Unlike the Mayo Clinic’s pilot study, Hartford Hospital’s program is project oriented. “The project is the impetus that gets the patient going,” says Boehnert. “Adults aren’t willing to play without a purpose. They just want a little direction.”

For the most part, individual projects are small. They range from mandalas (circular designs generally associated with Buddhist and Hindu practice) to cards for family members. “Intuition,” explains Boehnert, “tells the volunteers what will work best with a patient.”

Hartford Hospital’s Arts for Healing is not limited to patients in a single department. Boehnert, whose previous experience with arts in healthcare included plaster cast mask-making with survivors of domestic violence, began working with rehab patients and extended the program to include dialysis patients. It’s now available in various departments throughout the hospital. Some of the work created by Arts for Healing participants in the Art for Healing program is on display in a small gallery in the hospital.

According to Boehnert, patient response to arts initiatives like the ones advocated in “Building Bridges” has been overwhelmingly positive. As an example, she cites a heart transplant patient who was introduced to the expressive arts during his six-week stay at Hartford Hospital. Before he was discharged, he created his own little gallery in his room. A patient being treated for leukemia also created an impressive body of work, giving pieces away to cheer up fellow patients who were not having good days. Staff, too, says Boehnert, benefit from Art for Healing: “My volunteers also go home better than when they came.”

Since 1991, the Society for the Arts in Healthcare (SAH) has provided support for programs such as the ones at Hartford Hospital and the Mayo Clinic, as well as others like the Artists in Residence program at Florida’s Shands HealthCare hospitals, which offers patients a variety of bedside art making activities. Examples include Art Infusion, a multi-media program for adults on chemotherapy, creative arts for pediatric inpatients, and (like Mayo Scottsdale) an oral history program which seeks to transcribe patients’ personal stories.

“In a lot of places, funding is a struggle,” explains Curry. To help secure funding for arts in healthcare programs, the SAH provides grant opportunities, like the SAH/Johnson & Johnson Partnership to Promote Arts and Healing and SAH Consulting Grants, as well as several awards.

In April, the SAH hosted its 15th international arts in healthcare conference in Chicago, the topic of which was “Vision + Voice—Charting the Course of Arts, Health and Medicine.” The conference urged attendees to “focus (their) vision for the future.”9 Given ever-increasing interest in integrating the arts into healthcare—especially inpatient care—be it by means of the clinical practice of art therapy or by expressive, creative arts programs, the future of such programs seems bright. As Dana Gioia, chair of the NEA, says: “The arts have an extraordinary ability to enhance our lives, to help us heal, and to bring us comfort in times of great stress. We must reconnect the arts with the actual human existence that Americans lead, the journeys we take in life, which lead us through hospitals, to hospices, to the end of life.”10 TH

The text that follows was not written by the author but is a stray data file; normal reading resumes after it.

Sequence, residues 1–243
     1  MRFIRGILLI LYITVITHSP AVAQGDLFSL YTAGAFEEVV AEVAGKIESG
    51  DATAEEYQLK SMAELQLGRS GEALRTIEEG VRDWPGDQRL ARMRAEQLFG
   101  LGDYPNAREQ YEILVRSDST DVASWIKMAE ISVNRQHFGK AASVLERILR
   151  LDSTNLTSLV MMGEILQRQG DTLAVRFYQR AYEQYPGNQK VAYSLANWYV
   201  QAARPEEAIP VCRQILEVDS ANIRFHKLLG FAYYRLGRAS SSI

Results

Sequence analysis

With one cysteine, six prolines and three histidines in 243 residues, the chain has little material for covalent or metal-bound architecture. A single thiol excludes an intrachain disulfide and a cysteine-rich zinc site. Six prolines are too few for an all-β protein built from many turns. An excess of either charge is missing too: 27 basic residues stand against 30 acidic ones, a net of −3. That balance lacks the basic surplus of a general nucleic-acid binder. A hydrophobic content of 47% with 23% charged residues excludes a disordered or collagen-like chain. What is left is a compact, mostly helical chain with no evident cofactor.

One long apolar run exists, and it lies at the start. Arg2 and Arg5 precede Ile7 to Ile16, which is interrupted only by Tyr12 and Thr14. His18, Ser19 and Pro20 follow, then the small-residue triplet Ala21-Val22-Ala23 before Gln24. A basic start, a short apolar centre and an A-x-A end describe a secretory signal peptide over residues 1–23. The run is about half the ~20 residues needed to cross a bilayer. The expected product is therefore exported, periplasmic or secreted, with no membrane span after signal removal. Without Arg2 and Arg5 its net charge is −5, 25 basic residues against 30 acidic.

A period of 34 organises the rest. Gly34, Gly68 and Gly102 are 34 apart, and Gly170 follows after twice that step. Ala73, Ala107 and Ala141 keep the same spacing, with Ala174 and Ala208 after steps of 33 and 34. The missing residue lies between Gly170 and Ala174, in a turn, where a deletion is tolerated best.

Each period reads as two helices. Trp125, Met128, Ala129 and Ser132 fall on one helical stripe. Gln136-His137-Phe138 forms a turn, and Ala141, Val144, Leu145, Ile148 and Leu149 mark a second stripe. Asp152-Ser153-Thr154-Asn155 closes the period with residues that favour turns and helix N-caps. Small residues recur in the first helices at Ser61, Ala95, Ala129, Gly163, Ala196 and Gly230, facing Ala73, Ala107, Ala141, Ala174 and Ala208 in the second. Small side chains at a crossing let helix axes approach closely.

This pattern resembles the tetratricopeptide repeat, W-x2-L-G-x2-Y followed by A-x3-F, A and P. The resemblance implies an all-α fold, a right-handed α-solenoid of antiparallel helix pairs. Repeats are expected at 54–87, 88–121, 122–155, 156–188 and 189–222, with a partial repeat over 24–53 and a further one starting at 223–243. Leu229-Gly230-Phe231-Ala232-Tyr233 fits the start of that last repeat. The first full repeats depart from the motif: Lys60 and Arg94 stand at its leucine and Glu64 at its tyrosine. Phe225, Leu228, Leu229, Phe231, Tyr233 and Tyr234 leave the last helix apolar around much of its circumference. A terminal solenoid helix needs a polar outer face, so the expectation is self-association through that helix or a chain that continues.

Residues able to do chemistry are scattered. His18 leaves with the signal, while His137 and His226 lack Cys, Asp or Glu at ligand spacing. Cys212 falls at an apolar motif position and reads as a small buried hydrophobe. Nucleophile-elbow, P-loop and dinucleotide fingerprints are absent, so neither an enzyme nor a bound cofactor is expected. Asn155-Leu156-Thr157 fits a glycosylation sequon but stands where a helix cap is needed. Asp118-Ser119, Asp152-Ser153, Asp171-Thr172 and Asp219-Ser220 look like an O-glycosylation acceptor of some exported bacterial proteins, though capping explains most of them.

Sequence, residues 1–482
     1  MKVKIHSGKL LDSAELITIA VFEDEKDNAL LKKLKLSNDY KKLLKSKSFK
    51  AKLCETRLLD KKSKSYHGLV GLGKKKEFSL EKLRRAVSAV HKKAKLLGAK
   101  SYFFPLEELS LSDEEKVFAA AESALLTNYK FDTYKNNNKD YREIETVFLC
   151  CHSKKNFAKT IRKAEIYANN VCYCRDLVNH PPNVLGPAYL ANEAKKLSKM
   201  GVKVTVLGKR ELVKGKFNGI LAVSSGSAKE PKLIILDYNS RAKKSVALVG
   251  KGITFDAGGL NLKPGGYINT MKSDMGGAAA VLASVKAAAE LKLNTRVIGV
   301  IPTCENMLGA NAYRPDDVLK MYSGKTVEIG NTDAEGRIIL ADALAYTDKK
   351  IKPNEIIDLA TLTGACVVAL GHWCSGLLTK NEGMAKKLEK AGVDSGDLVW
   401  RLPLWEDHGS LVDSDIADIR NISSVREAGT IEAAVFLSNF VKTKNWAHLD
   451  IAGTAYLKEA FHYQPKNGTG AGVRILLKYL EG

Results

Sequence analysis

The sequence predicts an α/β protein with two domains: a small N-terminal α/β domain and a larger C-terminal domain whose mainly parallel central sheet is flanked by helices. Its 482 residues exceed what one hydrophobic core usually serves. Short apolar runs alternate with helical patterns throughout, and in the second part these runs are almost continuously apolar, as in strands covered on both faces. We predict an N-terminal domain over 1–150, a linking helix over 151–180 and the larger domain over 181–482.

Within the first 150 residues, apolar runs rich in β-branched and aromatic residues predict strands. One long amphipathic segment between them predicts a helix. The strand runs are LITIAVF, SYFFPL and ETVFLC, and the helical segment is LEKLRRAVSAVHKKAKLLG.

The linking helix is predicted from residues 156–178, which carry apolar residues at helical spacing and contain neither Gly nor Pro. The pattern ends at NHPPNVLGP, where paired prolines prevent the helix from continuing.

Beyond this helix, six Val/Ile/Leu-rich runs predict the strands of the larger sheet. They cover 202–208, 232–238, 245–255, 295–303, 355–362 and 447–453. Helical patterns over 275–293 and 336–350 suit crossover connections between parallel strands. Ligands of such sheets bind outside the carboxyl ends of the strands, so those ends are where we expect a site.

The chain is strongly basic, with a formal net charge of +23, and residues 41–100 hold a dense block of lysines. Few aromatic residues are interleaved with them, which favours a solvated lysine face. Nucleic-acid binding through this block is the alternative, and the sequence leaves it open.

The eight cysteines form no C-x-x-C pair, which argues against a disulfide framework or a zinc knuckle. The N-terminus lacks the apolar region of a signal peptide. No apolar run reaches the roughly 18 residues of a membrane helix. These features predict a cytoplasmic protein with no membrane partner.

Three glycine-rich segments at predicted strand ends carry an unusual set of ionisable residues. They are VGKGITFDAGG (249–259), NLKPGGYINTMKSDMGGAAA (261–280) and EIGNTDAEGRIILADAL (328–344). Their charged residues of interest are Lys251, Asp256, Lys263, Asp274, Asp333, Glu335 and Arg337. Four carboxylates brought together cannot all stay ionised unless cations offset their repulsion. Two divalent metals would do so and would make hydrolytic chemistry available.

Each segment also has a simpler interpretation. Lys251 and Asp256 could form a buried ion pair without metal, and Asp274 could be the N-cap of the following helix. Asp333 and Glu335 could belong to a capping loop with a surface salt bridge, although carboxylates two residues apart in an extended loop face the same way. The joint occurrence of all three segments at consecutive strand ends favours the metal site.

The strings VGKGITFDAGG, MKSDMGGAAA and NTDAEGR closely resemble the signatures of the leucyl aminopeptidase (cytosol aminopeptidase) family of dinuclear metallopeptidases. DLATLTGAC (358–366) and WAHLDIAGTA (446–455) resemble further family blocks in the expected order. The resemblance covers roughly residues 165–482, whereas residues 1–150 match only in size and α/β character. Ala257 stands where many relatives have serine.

Roberta Newman is based in Brooklyn, N.Y.

References

  1. NEA News Room: Arts in Healthcare Research. Available at: http://arts.endow.gov/news/news03/AIHResearch.html. Last accessed June 16, 2006.
  2. Art Therapy Credentials Board, “What is Art Therapy?” Available at: www.atcb.org. Last accessed June 16, 2006.
  3. Nainis N, Paice J, Ratner J. Relieving symptoms in cancer: innovative use of art therapy. J Pain Symptom Manage. 2006 Feb;31(2):162-169.
  4. Arts in Healthcare Research. National Endowment For the Arts New Room. Available at: http://arts.endow.gov/news/news03/AIHResearch.html. Last accessed June 12, 2006.
  5. Foster H. Medical settings foster the creation of art. Lancet. 2001;357(9268):1627.
  6. Foreword. “Building Bridges.” Available at: www.harthosp.org/IntMed/manual/foreword.asp. Last accessed June 18, 2006.
  7. Guided Imagery. “Building Bridges.” Available at www.harthosp.org/IntMed/manual/guidedimagery.asp. Last accessed June 18, 2006.
  8. Creating an Art for Healing Program: Training. “Building Bridges.” Available at: www.harthosp.org/IntMed/manual/art.asp. Last accessed June 18, 2006.
  9. Vision +Voice—Charting the Course of Arts, Health and Medicine Society for the Arts in Healthcare 15th Annual International Conference Program. Available at: www.thesah.org/doc/FINAL%20program.pdf. Last accessed June 18, 2006.
  10. Society for the Arts in Healthcare Fact Sheet. Available at: www.thesah.org. Last accessed June 19, 2006.